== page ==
Cosmetic Laser Surgery, Is It For You?
A High-Tech Weapon in the Fight Against Aging Skin
In recent years, lasers have shed their science fictional image to become a surgeon's and dermatologist's most promising weapon in the fight against aging skin. According to the American Academy of Cosmetic Surgery in Chicago, nearly 170,000 Americans, men and women, underwent laser resurfacing of the face in 1998, up from 138,891 in 1996--a 64 percent increase. That's nearly twice the number of the more traditional surgical facelifts performed in the same year.
Laser resurfacing is a very controlled burning procedure during which a laser vaporizes superficial layers of facial skin, removing not only wrinkles and lines caused by sun damage and facial expressions, but also acne scars, some folds and creases around the nose and mouth, and even precancerous and benign superficial growths. In a sense, the laser procedure creates a fresh surface over which new skin can grow.
While the Food and Drug Administration does not regulate how surgeons carry out these procedures, it is responsible for clearing lasers for marketing for the uses requested by the device's manufacturer.
Lasers in Cosmetic Surgery
But using lasers for facial skin resurfacing was discovered almost by accident, Felten says. In the course of treating acne scars with a laser, surgeons noticed that after resurfacing the skin around the scar to make the scar less visible, small adjacent wrinkles were greatly diminished.
Collagen is the principal protein of the skin, tendons, cartilage, bone and connective tissue. It is a key fibrous protein in the skin's connective tissue, and it helps give the skin its texture. Natural aging and such factors as sun damage and smoking help break down the collagen layer so that the skin's once smooth surface develops wrinkles. New, more youthful collagen actually forms after laser treatment.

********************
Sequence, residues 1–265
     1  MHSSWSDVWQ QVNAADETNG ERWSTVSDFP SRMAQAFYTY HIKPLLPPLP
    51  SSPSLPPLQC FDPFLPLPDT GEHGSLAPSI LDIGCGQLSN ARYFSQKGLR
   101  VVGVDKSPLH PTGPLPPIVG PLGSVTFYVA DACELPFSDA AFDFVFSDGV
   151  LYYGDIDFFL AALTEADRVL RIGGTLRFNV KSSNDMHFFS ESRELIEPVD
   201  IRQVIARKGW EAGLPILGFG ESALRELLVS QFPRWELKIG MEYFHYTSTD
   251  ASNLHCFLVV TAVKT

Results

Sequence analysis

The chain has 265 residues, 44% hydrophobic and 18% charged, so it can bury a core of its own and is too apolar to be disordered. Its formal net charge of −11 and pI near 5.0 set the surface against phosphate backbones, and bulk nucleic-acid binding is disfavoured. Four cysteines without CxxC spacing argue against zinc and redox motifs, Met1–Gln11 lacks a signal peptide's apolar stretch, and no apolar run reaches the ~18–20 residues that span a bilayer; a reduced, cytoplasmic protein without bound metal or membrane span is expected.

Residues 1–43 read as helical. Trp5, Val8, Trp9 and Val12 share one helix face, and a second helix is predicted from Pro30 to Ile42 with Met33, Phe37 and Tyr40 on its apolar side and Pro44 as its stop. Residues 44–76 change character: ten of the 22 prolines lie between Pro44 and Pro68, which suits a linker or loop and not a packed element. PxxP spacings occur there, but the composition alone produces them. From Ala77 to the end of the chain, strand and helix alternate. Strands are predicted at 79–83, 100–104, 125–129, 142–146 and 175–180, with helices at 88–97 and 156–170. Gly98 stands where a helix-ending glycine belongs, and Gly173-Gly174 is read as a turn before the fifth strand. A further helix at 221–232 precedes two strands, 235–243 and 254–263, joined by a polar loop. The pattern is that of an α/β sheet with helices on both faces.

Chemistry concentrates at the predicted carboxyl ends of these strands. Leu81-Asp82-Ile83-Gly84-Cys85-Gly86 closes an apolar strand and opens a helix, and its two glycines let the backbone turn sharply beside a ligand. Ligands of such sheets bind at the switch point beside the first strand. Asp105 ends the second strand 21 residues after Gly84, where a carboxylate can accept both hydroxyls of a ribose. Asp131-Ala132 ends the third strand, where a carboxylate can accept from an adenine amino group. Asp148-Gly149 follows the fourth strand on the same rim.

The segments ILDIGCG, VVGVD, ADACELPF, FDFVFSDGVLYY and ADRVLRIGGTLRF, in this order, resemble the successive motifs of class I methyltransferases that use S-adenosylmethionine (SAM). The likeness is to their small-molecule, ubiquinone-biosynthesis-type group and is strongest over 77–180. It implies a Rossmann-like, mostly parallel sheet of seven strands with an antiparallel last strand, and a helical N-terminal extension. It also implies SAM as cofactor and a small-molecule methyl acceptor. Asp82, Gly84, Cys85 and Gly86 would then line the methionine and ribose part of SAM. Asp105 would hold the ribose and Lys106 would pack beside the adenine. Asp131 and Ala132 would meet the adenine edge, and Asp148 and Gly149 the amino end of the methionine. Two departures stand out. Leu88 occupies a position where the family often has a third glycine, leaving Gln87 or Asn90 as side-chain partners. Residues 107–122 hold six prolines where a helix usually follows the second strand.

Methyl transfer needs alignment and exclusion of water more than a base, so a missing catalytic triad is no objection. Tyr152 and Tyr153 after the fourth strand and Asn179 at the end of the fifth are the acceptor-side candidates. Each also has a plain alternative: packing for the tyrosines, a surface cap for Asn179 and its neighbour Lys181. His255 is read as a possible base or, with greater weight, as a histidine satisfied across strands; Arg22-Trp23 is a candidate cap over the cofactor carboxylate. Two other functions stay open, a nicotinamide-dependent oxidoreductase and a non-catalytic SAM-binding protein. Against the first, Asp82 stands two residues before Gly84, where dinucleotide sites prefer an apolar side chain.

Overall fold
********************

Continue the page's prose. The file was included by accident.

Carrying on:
Lasers cannot rejuvenate skin on other parts of the body nor can laser treatment lift or remove sagging jowls or smooth out "crepey" or sagging neck skin. These conditions only respond to traditional cut-and-stitch surgical methods.
Is Resurfacing for You?
Dr. Tina Alster, director of the Washington Institue of Dermatologic Laser Surgery, however, warns anyone not mentally prepared for resurfacing or who expects instant results is not a good candidate "This is not easy in-easy out surgery," she says. "Potential patients have to realize that there will be bruising and swelling and they will be holed up in the house for seven to 10 days," she says. "They will have a crusty, oozy, bruised, scabbed, raw-appearing face." Further, they should not expect unflawed skin. "I can't deliver that," she says. "I am not able to give unlined, unscarred skin." Patients, however, can expect a 50 percent or greater improvement.
They must also plan on at least 10 days of healing before applying any makeup. For satisfactory healing, that means following rigorous after-care treatment, including proper skin cleansing, the application of a skin lubricant, and the frequent changing of dressings.
What Are the Risks?
Other risks are more serious, and possibly permanent, including hypopigmentation, or lightening of the skin. "Somewhere between one to two years after treatment it becomes clear that there is a permanent lightening of the skin color where the resurfacing was done," he says.
- Allergic Skin Disorders
- Bacterial Skin Diseases
- Bites and Infestations
- Diseases of Pigment
- Fungal Skin Diseases
- Medical Anatomy and Illustrations
- Noncancerous, Precancerous & Cancerous Tumors
- Oral Health Conditions
- Papules, Scales, Plaques and Eruptions
- Scalp, Hair and Nails
- Sexually Transmitted Diseases (STDs)
- Vascular, Lymphatic and Systemic Conditions
- Viral Skin Diseases
- Additional Skin Conditions